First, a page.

Aboriginal and Torres Strait Islander peoples have shaped and managed land and sea country for millennia: connection to country is a crucial element of Australian Indigenous cultures. It is also a precious gift for Australian culture in general, and for the management of our landscapes.
As well as the cultural reinforcement of environmental management, over 80 per cent of ranger groups are involved in specific cultural activities. Significant sites such as rock art, waterholes, fish traps and burial sites are managed; traditional knowledge and stories recorded; and cultural heritage signs installed.
Rangers from around the country share stories about how their work is reinforcing culture for them.
When people see the beauty of our country they see the strength of our culture. The country is alive because we still hold the stories."
Indigenous Rangers are highly-skilled, professional land managers, working in Indigenous Protected Areas and on traditional lands across Australia. They use traditional practices and modern science to protect, nurture and restore the landscape.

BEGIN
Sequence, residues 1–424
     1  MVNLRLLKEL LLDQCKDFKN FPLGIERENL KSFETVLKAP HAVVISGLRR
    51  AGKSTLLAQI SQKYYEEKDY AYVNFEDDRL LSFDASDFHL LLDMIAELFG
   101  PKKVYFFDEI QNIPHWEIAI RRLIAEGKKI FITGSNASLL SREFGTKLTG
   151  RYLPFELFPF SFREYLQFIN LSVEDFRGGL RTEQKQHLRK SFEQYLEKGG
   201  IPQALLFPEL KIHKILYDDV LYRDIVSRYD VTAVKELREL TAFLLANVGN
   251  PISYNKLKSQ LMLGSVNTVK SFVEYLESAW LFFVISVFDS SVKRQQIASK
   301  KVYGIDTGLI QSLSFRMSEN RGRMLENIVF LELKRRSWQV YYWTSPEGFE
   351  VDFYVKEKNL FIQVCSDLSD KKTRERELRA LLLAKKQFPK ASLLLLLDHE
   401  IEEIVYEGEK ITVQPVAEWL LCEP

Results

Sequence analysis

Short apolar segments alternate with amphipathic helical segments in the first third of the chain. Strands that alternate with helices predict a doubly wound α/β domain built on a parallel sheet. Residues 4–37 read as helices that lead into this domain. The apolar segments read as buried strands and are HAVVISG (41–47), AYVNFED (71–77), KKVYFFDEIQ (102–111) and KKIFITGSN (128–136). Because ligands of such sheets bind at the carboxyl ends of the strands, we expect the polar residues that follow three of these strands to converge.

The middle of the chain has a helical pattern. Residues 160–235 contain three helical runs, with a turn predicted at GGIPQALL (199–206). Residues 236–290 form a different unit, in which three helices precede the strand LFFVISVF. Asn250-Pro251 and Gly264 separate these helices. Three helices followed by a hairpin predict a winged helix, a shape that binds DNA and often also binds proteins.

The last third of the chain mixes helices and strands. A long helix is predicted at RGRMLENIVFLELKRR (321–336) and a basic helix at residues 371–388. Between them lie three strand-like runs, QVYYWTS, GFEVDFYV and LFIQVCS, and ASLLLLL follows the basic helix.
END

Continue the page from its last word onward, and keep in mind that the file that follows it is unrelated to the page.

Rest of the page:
But they are also a vital in helping preserve and celebrate Indigenous culture, language and links with country. Most Indigenous ranger groups are active in specific cultural activities. Rock art, waterholes, fish traps and burial sites are managed, traditional knowledge and stories are recorded, and cultural heritage information is shared.
Just as importantly, Indigenous rangers have become role models for a new generation. They are living examples of workforce participation, of healthier lifestyles and of involvement in cultural preservation.
Funding for Indigenous ranger programs is not certain beyond 2018, and we want your help to change that. We want the Australian government to double the funding for these invaluable programs and to extend it well into the future. This is a proven investment in the restoration of some of Australia’s most fragile and important landscapes.